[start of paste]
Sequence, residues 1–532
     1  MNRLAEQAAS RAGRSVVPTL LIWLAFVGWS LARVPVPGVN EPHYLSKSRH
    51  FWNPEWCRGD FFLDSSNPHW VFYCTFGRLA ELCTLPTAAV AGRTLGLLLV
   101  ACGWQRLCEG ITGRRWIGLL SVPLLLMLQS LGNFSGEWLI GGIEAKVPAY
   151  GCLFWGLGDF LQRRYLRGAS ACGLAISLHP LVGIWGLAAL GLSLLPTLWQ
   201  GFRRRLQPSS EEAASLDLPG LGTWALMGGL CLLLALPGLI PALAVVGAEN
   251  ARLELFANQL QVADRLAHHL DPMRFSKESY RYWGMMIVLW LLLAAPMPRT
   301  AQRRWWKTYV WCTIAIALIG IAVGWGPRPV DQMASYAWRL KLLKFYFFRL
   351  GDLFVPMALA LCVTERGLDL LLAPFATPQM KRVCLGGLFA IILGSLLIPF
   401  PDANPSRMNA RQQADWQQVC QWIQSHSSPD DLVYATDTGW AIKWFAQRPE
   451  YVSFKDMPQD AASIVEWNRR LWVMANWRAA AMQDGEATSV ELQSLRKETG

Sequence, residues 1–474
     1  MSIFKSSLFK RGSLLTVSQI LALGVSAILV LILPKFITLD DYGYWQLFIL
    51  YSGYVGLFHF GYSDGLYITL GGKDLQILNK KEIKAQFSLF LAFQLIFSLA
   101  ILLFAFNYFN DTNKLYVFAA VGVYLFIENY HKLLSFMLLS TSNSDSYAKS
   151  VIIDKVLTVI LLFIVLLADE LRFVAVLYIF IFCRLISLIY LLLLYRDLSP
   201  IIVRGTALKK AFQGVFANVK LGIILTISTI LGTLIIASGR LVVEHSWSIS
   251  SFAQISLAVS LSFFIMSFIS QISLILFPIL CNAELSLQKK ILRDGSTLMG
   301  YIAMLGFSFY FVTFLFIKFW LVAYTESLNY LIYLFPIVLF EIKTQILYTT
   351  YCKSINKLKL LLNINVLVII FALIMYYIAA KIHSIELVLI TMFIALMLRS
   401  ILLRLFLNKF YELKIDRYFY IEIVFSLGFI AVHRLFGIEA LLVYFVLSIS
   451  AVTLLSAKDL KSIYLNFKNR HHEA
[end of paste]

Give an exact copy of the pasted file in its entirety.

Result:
Sequence, residues 1–532
     1  MNRLAEQAAS RAGRSVVPTL LIWLAFVGWS LARVPVPGVN EPHYLSKSRH
    51  FWNPEWCRGD FFLDSSNPHW VFYCTFGRLA ELCTLPTAAV AGRTLGLLLV
   101  ACGWQRLCEG ITGRRWIGLL SVPLLLMLQS LGNFSGEWLI GGIEAKVPAY
   151  GCLFWGLGDF LQRRYLRGAS ACGLAISLHP LVGIWGLAAL GLSLLPTLWQ
   201  GFRRRLQPSS EEAASLDLPG LGTWALMGGL CLLLALPGLI PALAVVGAEN
   251  ARLELFANQL QVADRLAHHL DPMRFSKESY RYWGMMIVLW LLLAAPMPRT
   301  AQRRWWKTYV WCTIAIALIG IAVGWGPRPV DQMASYAWRL KLLKFYFFRL
   351  GDLFVPMALA LCVTERGLDL LLAPFATPQM KRVCLGGLFA IILGSLLIPF
   401  PDANPSRMNA RQQADWQQVC QWIQSHSSPD DLVYATDTGW AIKWFAQRPE
   451  YVSFKDMPQD AASIVEWNRR LWVMANWRAA AMQDGEATSV ELQSLRKETG

Sequence, residues 1–474
     1  MSIFKSSLFK RGSLLTVSQI LALGVSAILV LILPKFITLD DYGYWQLFIL
    51  YSGYVGLFHF GYSDGLYITL GGKDLQILNK KEIKAQFSLF LAFQLIFSLA
   101  ILLFAFNYFN DTNKLYVFAA VGVYLFIENY HKLLSFMLLS TSNSDSYAKS
   151  VIIDKVLTVI LLFIVLLADE LRFVAVLYIF IFCRLISLIY LLLLYRDLSP
   201  IIVRGTALKK AFQGVFANVK LGIILTISTI LGTLIIASGR LVVEHSWSIS
   251  SFAQISLAVS LSFFIMSFIS QISLILFPIL CNAELSLQKK ILRDGSTLMG
   301  YIAMLGFSFY FVTFLFIKFW LVAYTESLNY LIYLFPIVLF EIKTQILYTT
   351  YCKSINKLKL LLNINVLVII FALIMYYIAA KIHSIELVLI TMFIALMLRS
   401  ILLRLFLNKF YELKIDRYFY IEIVFSLGFI AVHRLFGIEA LLVYFVLSIS
   451  AVTLLSAKDL KSIYLNFKNR HHEA